Gloucestershire White Gypsum Alabaster


Gloucestershire White Gypsum Alabaster

Size, 13cm x 8cm x 3.5cm  Weight, 276gm

Ref No, 2061



Gloucestershire White Gypsum Alabaster, 13cm x 8cm x 3.5cm  Weight, 276gm

This piece of Gloucestershire White Gypsum Alabaster is from Aust, Southern Gloucestershire. Alabaster (calcium sulphate) from this location is an attractive  fine grained variety . This specimen has attractive contrasting veins running through it and is translucent when held up to the light. Like most specimens that come from this beach, the sea has gently softened some of the edges. This makes it both tactile and a fine display piece or alternatively if used for its healing properties. Alabaster is a crystalline form of Gypsum, a hydrous sulphate of calcium. It is classified as an evaporite mineral, that was created by the evaporation of saline lakes, leaving the gypsum behind to solidify, millions of years ago. This white Alabaster from Gloucestershire together with the nodular pink alabaster from Somerset makes the Severn estuary a fascinating area for both minerals and also fossils. Pieces of Alabaster have traditionally been popular with sculptors, because of its fine grains the gypsum is easy to polish. It is a softer and also more easily workable alternative and substitute for marble.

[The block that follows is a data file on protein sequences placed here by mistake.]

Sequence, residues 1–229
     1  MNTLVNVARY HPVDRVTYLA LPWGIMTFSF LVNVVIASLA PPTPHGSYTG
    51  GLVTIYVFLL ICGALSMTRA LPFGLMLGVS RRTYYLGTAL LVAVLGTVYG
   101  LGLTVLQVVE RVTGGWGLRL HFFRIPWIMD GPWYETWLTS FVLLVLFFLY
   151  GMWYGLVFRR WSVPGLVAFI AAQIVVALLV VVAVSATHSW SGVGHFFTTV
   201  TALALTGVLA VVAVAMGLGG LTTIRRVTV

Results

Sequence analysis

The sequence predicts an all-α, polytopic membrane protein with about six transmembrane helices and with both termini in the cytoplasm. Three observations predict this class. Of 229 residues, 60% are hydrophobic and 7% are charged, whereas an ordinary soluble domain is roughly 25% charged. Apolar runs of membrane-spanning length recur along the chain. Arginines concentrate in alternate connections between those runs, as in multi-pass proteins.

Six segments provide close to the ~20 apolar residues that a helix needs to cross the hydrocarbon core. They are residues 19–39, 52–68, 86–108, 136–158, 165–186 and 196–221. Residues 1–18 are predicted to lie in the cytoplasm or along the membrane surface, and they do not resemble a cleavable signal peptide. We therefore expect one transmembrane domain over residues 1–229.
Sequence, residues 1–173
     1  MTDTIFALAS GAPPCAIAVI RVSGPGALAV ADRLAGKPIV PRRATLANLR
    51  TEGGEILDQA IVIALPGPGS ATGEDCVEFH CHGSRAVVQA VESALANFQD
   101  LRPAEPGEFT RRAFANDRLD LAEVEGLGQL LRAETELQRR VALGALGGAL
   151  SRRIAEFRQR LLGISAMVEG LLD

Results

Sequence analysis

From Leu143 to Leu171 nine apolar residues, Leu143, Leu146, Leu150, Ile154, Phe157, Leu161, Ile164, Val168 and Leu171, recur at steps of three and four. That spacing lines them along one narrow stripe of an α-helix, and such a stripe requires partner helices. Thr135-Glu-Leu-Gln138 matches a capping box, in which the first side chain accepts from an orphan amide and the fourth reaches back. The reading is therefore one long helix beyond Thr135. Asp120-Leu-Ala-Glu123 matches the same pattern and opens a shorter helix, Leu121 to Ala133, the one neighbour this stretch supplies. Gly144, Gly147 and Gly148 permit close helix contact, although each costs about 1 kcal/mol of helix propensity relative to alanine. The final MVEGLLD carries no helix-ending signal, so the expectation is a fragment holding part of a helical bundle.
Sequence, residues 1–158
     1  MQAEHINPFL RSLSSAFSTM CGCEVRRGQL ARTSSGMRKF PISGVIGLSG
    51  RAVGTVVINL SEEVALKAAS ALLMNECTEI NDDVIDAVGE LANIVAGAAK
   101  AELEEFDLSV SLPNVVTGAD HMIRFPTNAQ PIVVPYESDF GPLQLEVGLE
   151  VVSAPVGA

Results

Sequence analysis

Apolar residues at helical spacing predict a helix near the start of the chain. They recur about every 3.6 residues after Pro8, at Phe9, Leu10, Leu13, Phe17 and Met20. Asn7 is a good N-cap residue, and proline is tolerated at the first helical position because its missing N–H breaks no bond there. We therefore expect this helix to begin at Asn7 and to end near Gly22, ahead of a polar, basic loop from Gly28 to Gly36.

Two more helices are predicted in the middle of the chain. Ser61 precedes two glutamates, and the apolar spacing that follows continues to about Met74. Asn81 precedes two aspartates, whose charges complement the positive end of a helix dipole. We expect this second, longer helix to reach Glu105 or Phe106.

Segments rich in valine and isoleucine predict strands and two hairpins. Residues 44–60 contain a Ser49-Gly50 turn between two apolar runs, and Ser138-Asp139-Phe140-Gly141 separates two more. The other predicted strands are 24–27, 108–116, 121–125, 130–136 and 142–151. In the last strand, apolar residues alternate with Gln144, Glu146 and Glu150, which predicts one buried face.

Alabaster gets its name from the Greek word ‘alabaster’s‘. The ancient Greeks and Romans also regarded this as an important mineral for carving and used it for making storage and drinking vessels. When relatively thin, alabaster is sufficiently translucent enough to let the light through. These days the largest workable deposits of Alabaster are in the Ebro Valley in Aragon, Spain.

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